Mauvais à l'école, inadapté, déprimé, vieillissant : « Carton man » a perdu tous ses repères. Il est dépassé par « Plastic woman », plus riche, plus ambitieuse, plus polyvalente, plus diplômée aussi. La fin de la domination masculine a sonné !
Partout dans le monde et pour la première fois de notre histoire, nous assistons à un incroyable basculement social et culturel. Les signes sont tangibles : plus de femmes saoudiennes doctorantes, plus de Chinoises au volant de Ferrari rouges, plus d'Indiennes femmes d'affaire, une Islandaise et une Sud-Coréenne à la tête de leur gouvernement. Dans le monde occidental, l'appétit et les pratiques sexuelles des femmes feraient pâlir les pires machos. À quoi bon garder un homme à la maison ?
Spectaculaire, drôle et parfois effrayant, ce livre prend acte d'un renversement de tendance profond, visible et inéluctable. Il nous ouvre les yeux, nous projette dans l'avenir, bouscule les idées reçues.
Le débat est lancé
What Betty Friedan, Simone de Beauvoir, Susan Faludi and Naomi Wolf did for feminism, senior editor of The Atlantic Hanna Rosin does for a new generation of women: an explosive new argument for why women are winning the battle of the sexes and why men are no longer top dog.Women are no longer catching up with men. By almost every measure, they are out-performing them.
We are at an unprecedented moment in history. In 2010, for the first time, the balance of the British workforce tipped towards women, who now hold around half of the nation's jobs. In the US, meanwhile, for every two men that receive a BA, three women will achieve the same. Not only do women now dominate colleges and professional schools on every continent except Africa, young single women in the US now earn more than their male counterparts, and more than a third of mothers in the UK and the US are their family's main breadwinner.The tides have turned. The 'age of testosterone' is decisively over. At almost every level of society women are proving themselves far more adaptable and suited to a job market that rewards people skills and intelligence, and a world that has a dramatically diminishing need for traditional male muscle.In this landmark, once-in-a-generation book, Hanna Rosin reveals how this new world order came to be and its profound implications for marriage, sex, children, work, families and society. Unhampered by old assumptions and ideologies and drawing on examples from across the globe, The End of Men helps us see how both men and women can - and must - adapt for a radically new era.'In this bold and inspired dispatch, Rosin upends the common platitudes of contemporary sexual politics with a deeply reported meditation from the unexpected frontiers of our rapidly changing culture' Katie Roiphe, author of The Morning After and Uncommon Arrangements'The End of Men describes a new paradigm that can, finally, take us beyond 'winners' and 'losers' in an endless 'gender war.' What a relief! Ultimately, Rosin's vision is both hope-filled and creative, allowing both sexes to become far more authentic: as workers, partners, parents...and people' Peggy Orenstein, author of Cinderella Ate My Daughter and SchoolgirlsHanna Rosin is a senior editor at The Atlantic magazine and a founder and co-editor of DoubleX, Slate's women's section. She has written for the New Yorker, The New York Times, GQ, and The New Republic, and for a number of years covered politics and religion for the Washington Post. In 2009 she was nominated for a National Magazine Award, and in 2010 she won one. She is the author of a previous book, God's Harvard: A Christian College on a Mission to Save America. Rosin lives in Washington, DC, with her husband, Slate editor David Plotz, and their three children.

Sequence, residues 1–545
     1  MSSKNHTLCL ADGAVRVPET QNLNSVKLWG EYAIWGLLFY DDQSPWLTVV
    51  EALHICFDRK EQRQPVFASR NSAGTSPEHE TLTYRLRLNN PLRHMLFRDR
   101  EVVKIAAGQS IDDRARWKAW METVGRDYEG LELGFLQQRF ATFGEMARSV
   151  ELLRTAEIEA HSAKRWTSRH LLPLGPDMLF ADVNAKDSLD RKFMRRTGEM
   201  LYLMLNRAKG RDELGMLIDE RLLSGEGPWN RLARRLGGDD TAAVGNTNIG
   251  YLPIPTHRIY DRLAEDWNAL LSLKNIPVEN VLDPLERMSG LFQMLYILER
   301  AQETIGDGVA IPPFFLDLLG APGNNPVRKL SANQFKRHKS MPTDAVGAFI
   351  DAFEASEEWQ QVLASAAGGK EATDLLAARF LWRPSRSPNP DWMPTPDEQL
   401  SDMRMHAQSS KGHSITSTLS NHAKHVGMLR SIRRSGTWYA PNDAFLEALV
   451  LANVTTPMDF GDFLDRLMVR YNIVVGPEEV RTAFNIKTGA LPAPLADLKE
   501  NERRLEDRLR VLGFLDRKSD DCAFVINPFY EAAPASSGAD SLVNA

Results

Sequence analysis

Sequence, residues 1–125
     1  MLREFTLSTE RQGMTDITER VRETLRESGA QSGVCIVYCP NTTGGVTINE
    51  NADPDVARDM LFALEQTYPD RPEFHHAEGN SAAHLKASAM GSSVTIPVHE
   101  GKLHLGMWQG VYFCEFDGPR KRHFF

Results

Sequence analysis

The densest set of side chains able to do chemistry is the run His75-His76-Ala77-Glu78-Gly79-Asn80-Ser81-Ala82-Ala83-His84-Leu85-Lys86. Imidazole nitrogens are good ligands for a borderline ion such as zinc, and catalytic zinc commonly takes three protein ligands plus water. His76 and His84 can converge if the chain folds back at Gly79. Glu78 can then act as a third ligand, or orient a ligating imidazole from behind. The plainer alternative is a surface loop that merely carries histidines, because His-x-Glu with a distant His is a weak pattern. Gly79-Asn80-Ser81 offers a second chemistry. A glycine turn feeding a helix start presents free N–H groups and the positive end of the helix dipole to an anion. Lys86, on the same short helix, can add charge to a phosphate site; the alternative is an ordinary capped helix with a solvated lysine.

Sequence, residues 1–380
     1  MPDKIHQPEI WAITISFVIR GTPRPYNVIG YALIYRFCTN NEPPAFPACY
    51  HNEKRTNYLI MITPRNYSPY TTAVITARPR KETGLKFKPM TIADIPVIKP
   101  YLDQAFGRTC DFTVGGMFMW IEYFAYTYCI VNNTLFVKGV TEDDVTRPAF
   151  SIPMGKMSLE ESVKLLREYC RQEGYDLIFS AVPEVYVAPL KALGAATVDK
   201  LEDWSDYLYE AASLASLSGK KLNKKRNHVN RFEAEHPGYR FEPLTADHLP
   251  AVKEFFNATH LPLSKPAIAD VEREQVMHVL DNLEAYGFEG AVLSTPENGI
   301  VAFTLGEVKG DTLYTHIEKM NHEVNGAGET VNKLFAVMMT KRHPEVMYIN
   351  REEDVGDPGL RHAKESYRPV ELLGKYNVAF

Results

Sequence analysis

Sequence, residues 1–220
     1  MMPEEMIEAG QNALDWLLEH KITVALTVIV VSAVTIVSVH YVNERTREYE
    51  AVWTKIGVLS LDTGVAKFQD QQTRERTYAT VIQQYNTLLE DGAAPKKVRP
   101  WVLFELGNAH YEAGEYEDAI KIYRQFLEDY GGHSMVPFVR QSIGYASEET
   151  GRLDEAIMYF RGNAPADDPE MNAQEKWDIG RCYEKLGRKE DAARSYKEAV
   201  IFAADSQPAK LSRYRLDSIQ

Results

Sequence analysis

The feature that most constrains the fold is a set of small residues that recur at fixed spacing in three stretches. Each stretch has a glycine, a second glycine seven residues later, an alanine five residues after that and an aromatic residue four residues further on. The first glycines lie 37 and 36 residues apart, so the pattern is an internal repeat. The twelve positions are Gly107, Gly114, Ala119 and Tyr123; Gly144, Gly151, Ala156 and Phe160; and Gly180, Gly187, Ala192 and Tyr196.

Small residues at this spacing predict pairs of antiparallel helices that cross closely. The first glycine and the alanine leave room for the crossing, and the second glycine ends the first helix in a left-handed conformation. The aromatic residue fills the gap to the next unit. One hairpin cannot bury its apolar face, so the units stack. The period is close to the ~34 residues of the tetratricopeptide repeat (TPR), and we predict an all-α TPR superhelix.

'Men are so last century. They seem to have stopped evolving. The Mad Men world is disappearing and the guys are struggling to figure out the altered parameters of manliness.'
Maureen Dowd'Do women get anything from men being obsolete? Do we win by triumphing in work, education, the economy, politics and business, while retaining homemaking and child rearing? If that happened then we will be doing everything! Are men obsolete? No! I won't let you be you f*****s!'
Caitlin MoranAre Men Obsolete is an essential and entertaining read for anyone interested in what happens next in the great gender discussion. Maureen Dowd, Caitlin Moran, Camille Paglia and Hanna Roisin debate whether modern man is past his sell-by-date, and, if so, what does that mean for women?
A landmark portrait of women, men, and power in a transformed world
Men have been the dominant sex since, well, the dawn of mankind. But Hanna Rosin was the first to notice that this long-held truth is, astonishingly, no longer true. At this unprecedented moment, by almost every measure, women are no longer gaining on men: They have pulled decisively ahead. And 'the end of men'-'the title of Rosin's Atlantic cover story on the subject-'has entered the lexicon as dramatically as Betty Friedan's 'feminine mystique,' Simone de Beauvoir's 'second sex,' Susan Faludi's 'backlash,' and Naomi Wolf's 'beauty myth' once did.
In this landmark book, Rosin reveals how this new state of affairs is radically shifting the power dynamics between men and women at every level of society, with profound implications for marriage, sex, children, work, and more. With wide-ranging curiosity and insight unhampered by assumptions or ideology, Rosin shows how the radically different ways men and women today earn, learn, spend, couple up-'even kill-'has turned the big picture upside down. And in The End of Men she helps us see how, regardless of gender, we can adapt to the new reality and channel it for a better future.